Mission Statement

This website documents one man's quest to cure his MS through determination, perseverance and a little luck.

Although harsh drugs and strict diet were successfully supressing my devestating MS relapses, disease progression was quickly deteriorating my ability to walk and slowly deteriorating my ability to think. The logical solution for me was to try HSCT, which is not FDA approved, so I left the country to do it. This website documents my research and journey to effect a cure.

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I've been getting nudged to update this blog. I realize that I've been silent to an almost negligent degree. So sorry about that. I've been trying to move on from being "the guy who did the bone marrow transplant" to just being more of just some "guy."

Eight years ago, I saw myself as "the guy whose whole life changed due to a sudden medical problem." I bumped around for almost two years, constantly worsening until I was finally diagnosed with MS. Before the diagnosis, I surely thought I was going to soon die. When I was diagnosed, I had no idea what MS was, but at least I had new hope because now doctors could treat me, and hell, I had modern medicine to cure me. That new hope didn't last too long. Now I was being bounced around from drug to drug with little improvement. I thought now I was going to be kept alive longer while I continued to suffer.

Then I found HSCT as a real, potential solution. I had new hope. My title changed to "the guy who was going to go overseas to get a non-FDA-approved, experimental stem cell transplant." I held that title for only three months until for a month I became "the guy who's in Mexico getting a non-FDA-approved stem cell transplant." People made up their own reasons why the FDA hadn't approved this procedure. The most common misinformation I heard was that it was a moral issue due to the killing of a fetus or something like that. In the meantime, I suffered. I had to explain that my transplant was autologous, and it was still experimental because of the mortality risk.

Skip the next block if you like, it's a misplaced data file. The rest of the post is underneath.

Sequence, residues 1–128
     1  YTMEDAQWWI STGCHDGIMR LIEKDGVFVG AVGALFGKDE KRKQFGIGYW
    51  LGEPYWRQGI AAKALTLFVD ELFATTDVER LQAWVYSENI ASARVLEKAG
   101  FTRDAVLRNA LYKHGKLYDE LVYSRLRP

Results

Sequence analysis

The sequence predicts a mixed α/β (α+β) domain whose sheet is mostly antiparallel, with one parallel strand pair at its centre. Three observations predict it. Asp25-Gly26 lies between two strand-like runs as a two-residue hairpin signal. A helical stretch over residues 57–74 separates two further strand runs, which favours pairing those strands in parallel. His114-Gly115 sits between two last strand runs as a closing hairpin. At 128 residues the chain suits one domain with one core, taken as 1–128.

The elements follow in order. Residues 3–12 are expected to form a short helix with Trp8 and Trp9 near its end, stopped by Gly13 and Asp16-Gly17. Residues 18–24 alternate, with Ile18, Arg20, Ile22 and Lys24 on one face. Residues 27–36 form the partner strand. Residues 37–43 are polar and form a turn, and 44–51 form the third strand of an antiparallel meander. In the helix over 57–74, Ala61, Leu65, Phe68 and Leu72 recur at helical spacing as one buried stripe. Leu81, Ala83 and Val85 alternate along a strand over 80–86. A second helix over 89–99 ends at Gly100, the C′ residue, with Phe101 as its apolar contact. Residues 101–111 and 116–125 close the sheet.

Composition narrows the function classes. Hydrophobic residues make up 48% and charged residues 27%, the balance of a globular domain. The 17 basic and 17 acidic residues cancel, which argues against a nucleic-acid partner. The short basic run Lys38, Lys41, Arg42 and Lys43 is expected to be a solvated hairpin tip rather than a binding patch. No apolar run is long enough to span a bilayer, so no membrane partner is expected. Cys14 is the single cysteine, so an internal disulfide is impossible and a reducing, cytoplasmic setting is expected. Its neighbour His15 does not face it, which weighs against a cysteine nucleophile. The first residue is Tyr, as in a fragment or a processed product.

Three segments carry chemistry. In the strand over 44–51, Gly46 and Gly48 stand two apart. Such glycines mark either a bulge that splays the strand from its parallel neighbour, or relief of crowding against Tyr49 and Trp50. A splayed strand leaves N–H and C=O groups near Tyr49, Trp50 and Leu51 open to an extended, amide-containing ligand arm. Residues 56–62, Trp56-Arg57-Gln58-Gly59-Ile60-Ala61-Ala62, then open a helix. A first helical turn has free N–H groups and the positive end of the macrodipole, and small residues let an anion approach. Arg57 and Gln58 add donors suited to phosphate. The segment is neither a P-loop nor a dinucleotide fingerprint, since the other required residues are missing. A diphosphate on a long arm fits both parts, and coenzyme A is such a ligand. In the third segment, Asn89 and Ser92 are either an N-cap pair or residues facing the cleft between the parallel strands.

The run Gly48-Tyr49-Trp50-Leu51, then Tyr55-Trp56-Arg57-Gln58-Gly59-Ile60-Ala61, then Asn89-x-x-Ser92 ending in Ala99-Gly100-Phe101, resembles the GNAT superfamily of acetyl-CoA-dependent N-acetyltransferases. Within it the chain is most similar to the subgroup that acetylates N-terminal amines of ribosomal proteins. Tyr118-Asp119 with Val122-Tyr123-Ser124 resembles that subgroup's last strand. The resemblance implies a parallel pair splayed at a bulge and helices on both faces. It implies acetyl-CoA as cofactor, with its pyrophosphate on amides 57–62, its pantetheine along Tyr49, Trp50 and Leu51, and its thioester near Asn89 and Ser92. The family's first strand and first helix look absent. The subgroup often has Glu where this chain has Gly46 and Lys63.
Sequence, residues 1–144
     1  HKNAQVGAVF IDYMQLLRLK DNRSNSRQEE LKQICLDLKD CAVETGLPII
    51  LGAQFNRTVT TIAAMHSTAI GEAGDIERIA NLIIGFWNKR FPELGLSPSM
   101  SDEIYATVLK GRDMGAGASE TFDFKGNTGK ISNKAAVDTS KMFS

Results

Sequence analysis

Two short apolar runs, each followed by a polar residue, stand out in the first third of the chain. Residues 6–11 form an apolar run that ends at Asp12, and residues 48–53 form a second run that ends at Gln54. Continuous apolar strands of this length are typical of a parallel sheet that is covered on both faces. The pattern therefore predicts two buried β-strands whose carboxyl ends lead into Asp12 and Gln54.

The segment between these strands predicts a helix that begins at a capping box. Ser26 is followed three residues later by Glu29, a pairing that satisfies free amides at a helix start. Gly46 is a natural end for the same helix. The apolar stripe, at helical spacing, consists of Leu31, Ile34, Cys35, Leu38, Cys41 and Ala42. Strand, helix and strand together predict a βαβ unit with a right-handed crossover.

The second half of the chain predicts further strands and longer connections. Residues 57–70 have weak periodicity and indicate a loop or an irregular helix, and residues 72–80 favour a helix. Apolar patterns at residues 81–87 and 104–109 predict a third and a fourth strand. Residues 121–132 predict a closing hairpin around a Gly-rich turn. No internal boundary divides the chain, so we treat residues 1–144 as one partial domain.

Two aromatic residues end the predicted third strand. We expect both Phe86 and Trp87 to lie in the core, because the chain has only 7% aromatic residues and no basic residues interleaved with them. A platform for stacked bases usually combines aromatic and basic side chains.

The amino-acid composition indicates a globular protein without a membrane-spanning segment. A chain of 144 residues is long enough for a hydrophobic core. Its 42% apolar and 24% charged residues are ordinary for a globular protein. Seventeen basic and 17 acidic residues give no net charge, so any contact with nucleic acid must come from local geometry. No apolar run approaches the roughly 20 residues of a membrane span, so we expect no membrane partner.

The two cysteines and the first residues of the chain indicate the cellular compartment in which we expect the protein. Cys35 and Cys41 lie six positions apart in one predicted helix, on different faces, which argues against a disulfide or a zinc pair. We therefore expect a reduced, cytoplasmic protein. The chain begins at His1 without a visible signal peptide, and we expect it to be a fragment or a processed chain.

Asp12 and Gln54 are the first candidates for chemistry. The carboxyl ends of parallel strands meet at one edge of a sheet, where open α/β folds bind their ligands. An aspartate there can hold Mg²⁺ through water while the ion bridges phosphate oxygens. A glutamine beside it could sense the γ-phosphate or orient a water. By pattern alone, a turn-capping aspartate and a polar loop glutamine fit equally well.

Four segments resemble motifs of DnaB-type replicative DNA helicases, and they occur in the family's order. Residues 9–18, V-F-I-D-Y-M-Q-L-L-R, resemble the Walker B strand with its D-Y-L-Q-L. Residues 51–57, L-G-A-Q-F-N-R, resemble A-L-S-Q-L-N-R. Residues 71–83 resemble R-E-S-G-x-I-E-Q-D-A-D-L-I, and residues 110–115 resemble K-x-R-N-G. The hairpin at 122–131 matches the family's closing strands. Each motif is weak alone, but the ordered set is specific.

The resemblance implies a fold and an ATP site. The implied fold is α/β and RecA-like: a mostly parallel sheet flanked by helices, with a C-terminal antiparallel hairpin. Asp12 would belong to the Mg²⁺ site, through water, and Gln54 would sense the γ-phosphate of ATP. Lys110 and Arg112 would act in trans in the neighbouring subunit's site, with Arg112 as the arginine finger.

When I returned, I continued to worsen just as I was warned. It took six months before things turned around, and I was improving beyond the condition I was in before I left for Mexico. (It takes about six months for your body to recover from the procedure itself, let alone the condition you're attempting to treat.) For 2-3 years after the procedure, I became "the guy who did a bone marrow transplant and is having a miraculous recover" People who I hadn't seen in months due to my isolated recovery (sort of like the CV lockdown), suddenly began telling me, "dude, you look great—for a while there, you didn't look so good." How refreshing that was to hear, but I was still the "guy,"

Finally, I made the decision to not be any "guy" but just me. Unfortunately, that included letting go of some relationships and this blog. I just let them all go, so I could focus on myself. I needed psychological help to move on. I wanted to focus on the same problems that "normal" people do. I've come full circle, and so I'm putting this blog to bed. I have some parting words:

First, HSCT is a serious and dangerous procedure. I don't "recommend" it to anyone. If you have severe, aggressive MS, you need to come to your own conclusions about whether this procedure is right for you. I might be able to answer questions, but that's all. Second, since I did my "transplant" as I call it now, several great MS "drugs" or immunosuppressants have come to market. There are currently many less dangerous, very effective options available that I did not have when I chose HSCT. I hope these medications prevent people from finding themselves as desperate as I once was.

Next, my pain has become much more manageable since I've figured out the nuances in using my medications most effectively. For me, there's significant pain reduction is when I dedicate time for a regular exercise regimen. I like to work out vigorously for a short duration, and I need to do that about five days per week for maximum benefit. Unfortunately, this is seasonal for me. I like to swim (there's no penalty for falling down in the swimming pool!), which, where I live, is not conducive to do in the winter. I might move to improve this situation; that's how important it is for my wellbeing.

Lastly, some people decide to end all MS treatment and monitoring after they complete their full procedure period (two years following the transplant date). My doctor and I have decided that the potential cost of doing this, of not discovering a new MS flare-up is too expensive. I had annual MRIs until the two-year period, and now I will do them indefinitely every two years. My next one is due this winter. I may push it until January for insurance reasons, then I will post the results here.

That's all. I hope this has been uber-informational. Don't hesitate to shoot me a note if you have a question.